The U.S. Department of Agriculture (USDA) is nearly ready to implement a new rule that will increase line speeds at chicken processing plants, saying it will improve efficiency and enhance food safety, but the Government Accountability Office (GAO), a number of consumer-safety groups, and other organizations are urging President Barack Obama to reject the rule.
Most significantly, the new rule would increase chicken processing line speeds – the number of birds inspectors visually check per minute — from 140 per minute to 175 per minute. The rule also would effectively remove most USDA inspectors from the line to focus on other areas of concern within the plant, leaving factories to police their own production.
“The proposed rule would let the fox guard the hen house, at the expense of worker safety and consumer protection. We urge you to stop any further consideration of this ill-conceived proposal,” Food and Water Watch, Public Citizen, and 100 other groups and businesses said in a letter to the president.
“The department is promoting this change as an opportunity to modernize the inspection program,” the letter continues. “But what it boils down to is an attempt to cut USDA’s workforce by putting the health and safety of consumers and workers at risk.”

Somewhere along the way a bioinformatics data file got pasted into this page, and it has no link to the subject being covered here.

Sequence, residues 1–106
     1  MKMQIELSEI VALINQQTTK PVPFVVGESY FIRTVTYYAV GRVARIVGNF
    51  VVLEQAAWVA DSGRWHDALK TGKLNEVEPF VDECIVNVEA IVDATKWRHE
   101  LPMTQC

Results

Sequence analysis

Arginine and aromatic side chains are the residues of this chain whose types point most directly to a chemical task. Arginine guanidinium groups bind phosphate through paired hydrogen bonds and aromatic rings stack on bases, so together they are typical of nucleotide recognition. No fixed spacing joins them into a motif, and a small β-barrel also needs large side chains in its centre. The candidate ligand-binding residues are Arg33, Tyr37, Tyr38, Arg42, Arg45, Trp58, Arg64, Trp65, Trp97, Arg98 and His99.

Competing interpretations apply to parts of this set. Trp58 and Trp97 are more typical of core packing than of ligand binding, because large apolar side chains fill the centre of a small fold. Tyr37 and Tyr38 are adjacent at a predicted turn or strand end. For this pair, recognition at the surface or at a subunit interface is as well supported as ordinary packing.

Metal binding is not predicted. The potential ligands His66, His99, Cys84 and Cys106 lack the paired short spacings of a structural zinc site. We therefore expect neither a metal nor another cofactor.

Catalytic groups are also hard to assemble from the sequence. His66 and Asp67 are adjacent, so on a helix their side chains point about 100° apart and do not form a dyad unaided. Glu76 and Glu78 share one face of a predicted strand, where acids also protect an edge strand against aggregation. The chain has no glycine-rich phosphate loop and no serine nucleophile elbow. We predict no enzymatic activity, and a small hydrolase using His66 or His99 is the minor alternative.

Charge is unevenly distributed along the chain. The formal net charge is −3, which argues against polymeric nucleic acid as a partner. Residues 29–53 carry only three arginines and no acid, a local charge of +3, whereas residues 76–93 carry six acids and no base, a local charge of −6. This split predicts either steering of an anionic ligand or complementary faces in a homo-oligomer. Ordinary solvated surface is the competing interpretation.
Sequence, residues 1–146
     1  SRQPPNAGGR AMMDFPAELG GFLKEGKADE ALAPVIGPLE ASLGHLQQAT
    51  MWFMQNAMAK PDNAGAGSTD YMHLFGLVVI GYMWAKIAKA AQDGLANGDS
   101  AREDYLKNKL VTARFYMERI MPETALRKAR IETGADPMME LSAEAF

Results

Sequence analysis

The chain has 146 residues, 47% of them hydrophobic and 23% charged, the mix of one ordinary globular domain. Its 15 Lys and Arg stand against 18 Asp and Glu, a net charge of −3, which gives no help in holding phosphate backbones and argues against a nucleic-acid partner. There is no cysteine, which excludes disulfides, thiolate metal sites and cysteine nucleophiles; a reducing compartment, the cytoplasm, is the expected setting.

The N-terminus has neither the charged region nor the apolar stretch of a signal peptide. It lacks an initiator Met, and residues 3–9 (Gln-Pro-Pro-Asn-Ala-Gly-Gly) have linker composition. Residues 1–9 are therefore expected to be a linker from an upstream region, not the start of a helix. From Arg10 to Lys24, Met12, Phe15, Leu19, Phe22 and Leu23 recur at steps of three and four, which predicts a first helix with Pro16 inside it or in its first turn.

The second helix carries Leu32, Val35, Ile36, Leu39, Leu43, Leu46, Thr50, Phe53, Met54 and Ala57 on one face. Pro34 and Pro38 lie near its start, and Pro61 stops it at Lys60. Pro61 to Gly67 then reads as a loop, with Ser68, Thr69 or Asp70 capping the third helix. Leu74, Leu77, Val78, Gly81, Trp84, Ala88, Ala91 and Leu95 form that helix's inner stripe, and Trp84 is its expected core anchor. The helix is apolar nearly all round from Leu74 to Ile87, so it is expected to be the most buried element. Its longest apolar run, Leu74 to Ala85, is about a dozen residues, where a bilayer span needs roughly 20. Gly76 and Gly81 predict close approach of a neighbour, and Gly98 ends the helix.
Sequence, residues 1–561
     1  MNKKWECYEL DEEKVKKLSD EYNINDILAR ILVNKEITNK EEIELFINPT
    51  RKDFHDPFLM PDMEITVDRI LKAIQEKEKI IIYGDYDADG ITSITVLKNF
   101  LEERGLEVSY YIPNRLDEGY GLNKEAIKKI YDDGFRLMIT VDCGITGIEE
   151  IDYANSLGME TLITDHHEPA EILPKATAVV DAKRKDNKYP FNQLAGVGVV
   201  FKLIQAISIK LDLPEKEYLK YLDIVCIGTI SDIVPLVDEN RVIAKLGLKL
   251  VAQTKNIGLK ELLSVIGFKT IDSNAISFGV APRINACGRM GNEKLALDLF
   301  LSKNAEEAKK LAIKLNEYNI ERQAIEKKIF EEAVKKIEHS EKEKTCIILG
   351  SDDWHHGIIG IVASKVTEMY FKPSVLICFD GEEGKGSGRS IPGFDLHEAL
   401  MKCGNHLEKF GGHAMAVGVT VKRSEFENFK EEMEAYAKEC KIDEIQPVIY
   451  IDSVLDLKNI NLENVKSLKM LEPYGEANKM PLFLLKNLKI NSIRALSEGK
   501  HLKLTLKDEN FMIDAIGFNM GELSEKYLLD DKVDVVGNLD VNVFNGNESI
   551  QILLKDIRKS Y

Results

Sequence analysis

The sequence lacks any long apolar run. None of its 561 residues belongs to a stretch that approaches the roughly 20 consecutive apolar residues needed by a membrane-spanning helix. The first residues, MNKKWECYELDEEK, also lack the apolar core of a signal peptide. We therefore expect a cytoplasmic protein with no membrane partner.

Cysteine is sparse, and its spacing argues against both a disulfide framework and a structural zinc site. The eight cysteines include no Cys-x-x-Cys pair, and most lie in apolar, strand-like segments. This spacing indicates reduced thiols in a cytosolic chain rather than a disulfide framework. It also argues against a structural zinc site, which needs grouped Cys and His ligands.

According to Law360, a study conducted by Food and Water Watch “found that company employees in one turkey slaughter plant in the pilot program missed 99 percent of food safety and wholesomeness defects.”
The Montgomery, Alabama-based Southern Poverty Law Center and other groups are also concerned about the risk of physical injury and death to plant workers when the already maximized line speeds get even faster. Instead of meeting rising demand for chicken by expanding facilities and hiring additional workers, the poultry processing industry wants to rely more heavily on the use of toxic chemicals to treat diseased and contaminated chicken that line workers miss, further jeopardizing the health of workers and consumers alike with chemical-induced illness.
These concerns are especially valid for plant workers in Alabama, where poultry is a $15-billion-per-year industry and growing. Currently, more than 21 million chickens per week are killed and processed in Alabama, more than 1 billion per year.
Chicken and turkey products are a main source of food poisoning in the U.S. due to overcrowded, unclean living conditions promoting salmonella, listeria, and other foodborne pathogens. Outbreaks of virulent, antibiotic resistant salmonella linked to Foster Farms chicken products continue to infect people in several states more than a year after the first cases were identified, and other manufacturers routinely recall millions of pounds of poultry products every year over health risks the products present to consumers.